Baseball access - the parking and car kind

The Oakland Athletics are considering building a new stadium in Oakland. Where it will go depends on how it is financed and how folks will get to the stadium. Let's look at access.

Sporting events are big events that draw people from an entire region. That means a new A's stadium needs to provide access for folks from Oakland, Concord, Fremont, Richmond, Livermore, Vallejo, and even San Francisco and San Jose. There are two primary ways folks get to a sport stadium: by car or by transit. Cars need parking within a short-ish walking distance, and transit needs to be a short-ish walking distance as well, but can be a bit farther - hey you're going to a great game, it's worth a nice walk.
Camden Yards stadium in Baltimore, with parking lot. Source:Google Streetview
Let's look at how several of the ballpark sites rate on access. Today we'll look at auto access.

  • Coliseum
  • Brooklyn Basin
  • Laney College Fields
  • Estuary Park
  • Howard Terminal
Parking requires either lots or fields surrounding or close to a stadium, or a series of parking garages. We'll look at both what is available today, but also what would be available in the longer term, especially considering the team will likely finance their stadium in part through developing the area surrounding the stadium.

Site acreage
Coliseum: 100+ acres without Raiders, ~40 with Raiders
Brooklyn Basin: 23 acres
Laney College Fields: 17 acres
Estuary Park: 11 acres
Howard Terminal: 50 acres

If we figure the stadium will take up about 9 acres, that leaves little room for development AND parking lots on the site itself for Laney College, Estuary Park, and Brooklyn Basin. That said, areas surrounding both Laney and Estuary could easily have parking structures added to them, especially the Laney College parking lot west of the ballpark site.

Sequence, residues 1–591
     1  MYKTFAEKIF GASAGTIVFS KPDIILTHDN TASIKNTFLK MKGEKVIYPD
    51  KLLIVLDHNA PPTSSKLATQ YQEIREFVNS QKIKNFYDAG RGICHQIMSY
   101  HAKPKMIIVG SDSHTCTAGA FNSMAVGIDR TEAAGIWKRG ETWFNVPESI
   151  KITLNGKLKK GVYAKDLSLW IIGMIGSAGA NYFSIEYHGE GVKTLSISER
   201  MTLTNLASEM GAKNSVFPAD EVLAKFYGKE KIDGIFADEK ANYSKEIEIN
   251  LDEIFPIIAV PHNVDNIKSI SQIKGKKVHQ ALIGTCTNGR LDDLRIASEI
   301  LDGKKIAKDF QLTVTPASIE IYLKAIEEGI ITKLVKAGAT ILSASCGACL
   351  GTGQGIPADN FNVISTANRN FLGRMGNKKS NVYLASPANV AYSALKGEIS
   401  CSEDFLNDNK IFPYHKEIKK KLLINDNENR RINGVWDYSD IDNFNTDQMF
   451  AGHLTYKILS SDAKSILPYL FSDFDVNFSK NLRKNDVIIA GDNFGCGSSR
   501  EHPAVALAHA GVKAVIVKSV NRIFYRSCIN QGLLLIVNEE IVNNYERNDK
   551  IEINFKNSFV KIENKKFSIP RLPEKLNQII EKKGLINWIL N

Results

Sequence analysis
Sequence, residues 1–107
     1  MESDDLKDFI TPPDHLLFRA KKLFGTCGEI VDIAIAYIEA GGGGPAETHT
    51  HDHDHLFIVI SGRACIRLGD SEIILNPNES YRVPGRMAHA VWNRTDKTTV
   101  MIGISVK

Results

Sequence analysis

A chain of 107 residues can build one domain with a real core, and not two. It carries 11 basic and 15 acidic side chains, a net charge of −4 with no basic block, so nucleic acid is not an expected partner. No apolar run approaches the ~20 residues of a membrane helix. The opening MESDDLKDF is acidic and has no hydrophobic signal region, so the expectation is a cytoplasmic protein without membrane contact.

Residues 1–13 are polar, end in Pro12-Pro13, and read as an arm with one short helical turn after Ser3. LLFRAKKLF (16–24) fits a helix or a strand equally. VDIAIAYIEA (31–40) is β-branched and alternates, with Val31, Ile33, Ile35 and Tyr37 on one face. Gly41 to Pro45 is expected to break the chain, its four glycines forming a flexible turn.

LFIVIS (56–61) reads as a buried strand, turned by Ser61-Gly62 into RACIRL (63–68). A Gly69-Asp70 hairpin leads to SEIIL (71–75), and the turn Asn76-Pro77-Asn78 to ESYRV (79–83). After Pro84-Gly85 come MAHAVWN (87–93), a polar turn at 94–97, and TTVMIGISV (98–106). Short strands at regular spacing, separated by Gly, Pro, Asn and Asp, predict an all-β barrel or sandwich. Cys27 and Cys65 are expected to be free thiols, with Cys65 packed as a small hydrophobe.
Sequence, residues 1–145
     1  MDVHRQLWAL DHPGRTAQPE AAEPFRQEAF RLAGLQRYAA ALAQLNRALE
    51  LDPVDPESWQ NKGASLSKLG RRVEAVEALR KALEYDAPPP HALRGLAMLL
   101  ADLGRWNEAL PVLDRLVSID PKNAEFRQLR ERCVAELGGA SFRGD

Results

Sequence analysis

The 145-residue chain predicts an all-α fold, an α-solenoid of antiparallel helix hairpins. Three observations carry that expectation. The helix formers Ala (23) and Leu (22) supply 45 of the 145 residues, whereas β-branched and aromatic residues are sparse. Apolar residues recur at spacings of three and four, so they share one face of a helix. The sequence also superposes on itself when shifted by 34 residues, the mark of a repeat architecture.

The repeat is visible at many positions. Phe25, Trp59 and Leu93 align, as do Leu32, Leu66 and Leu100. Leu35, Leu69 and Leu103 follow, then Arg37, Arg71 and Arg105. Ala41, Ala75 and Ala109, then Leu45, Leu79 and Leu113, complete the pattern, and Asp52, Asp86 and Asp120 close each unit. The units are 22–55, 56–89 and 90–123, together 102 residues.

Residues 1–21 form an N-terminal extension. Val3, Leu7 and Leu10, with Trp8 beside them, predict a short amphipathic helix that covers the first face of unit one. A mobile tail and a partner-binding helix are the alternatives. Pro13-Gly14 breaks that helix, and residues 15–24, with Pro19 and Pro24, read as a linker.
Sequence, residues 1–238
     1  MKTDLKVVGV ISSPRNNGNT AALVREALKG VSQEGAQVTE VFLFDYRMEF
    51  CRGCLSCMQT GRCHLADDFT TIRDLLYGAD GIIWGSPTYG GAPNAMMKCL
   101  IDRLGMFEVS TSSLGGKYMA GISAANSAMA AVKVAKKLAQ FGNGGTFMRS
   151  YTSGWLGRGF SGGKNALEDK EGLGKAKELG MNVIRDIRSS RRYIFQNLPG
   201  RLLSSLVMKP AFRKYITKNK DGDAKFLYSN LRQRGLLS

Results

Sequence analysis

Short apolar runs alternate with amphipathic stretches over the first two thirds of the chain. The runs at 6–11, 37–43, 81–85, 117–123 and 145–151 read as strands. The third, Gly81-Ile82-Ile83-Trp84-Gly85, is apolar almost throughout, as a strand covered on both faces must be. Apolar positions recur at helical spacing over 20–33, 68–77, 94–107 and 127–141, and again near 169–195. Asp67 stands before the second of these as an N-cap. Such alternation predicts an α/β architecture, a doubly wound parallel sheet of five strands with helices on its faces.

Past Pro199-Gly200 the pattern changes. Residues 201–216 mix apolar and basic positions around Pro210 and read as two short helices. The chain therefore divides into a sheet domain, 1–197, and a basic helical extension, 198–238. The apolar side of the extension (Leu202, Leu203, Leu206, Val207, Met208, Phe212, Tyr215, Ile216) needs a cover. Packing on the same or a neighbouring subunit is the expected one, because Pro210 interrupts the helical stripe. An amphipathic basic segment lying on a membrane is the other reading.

However, from a purely parking lot perspective, it's Howard Terminal and Coliseum that provide ample parking and development opportunity from an acreage point of view.

Freeway Access
The key way to get to a stadium by car for most people is by freeway. You also need to get from the freeway to the stadium via off and on ramps plus a few streets. The key piece is the freeway on/off-ramps. Let's look at how many freeway on and off ramp sets are at each site.

We'll count one ramp set as two off-ramps, one in each direction, plus two on-ramps in each direction. We'll only count ramp sets that are relatively close to the stadium site and have street access.

Coliseum: 2.0
Brooklyn Basin:
Laney College Fields: 1.5 (3.5 if you include I-580)
Estuary Park: 1.75 but could be boosted to 2.0
Howard Terminal: 3.0

The Coliseum has two full ramp sets, one at Hegenberger, the other at 66th Ave. I-580 is beyond the 2-mile radius of the stadium. The ramps and surrounding streets are designed for the high volumes of major sporting and concert events.

Brooklyn Basin is limited with its shoreline site. However, I-580 get's within the 2-mile radius of the stadium using Park Blvd and 5th Ave to access the park. Unfortunately there are few freeway ramps close to the stadium (unlike Coliseum), and some are not designed for high volume traffic, and may not be up to current interstate standards.

Embarcadero and 10th Ave onramp.
Embarcadero and 10th Ave onramp. Source: Google Streetview

Estuary Park is similarly limited but it is located closer to the Oak and Jackson St ramps which can handle more traffic due to accessing these wider streets. Some adaptation to street in Jack London, south of I-880 would be necessary, and not necessarily favored by residents in the area. Interestingly the Park Blvd exit is just beyond the 2 mile radius. However, nearby freeway access is better than Brooklyn Basin.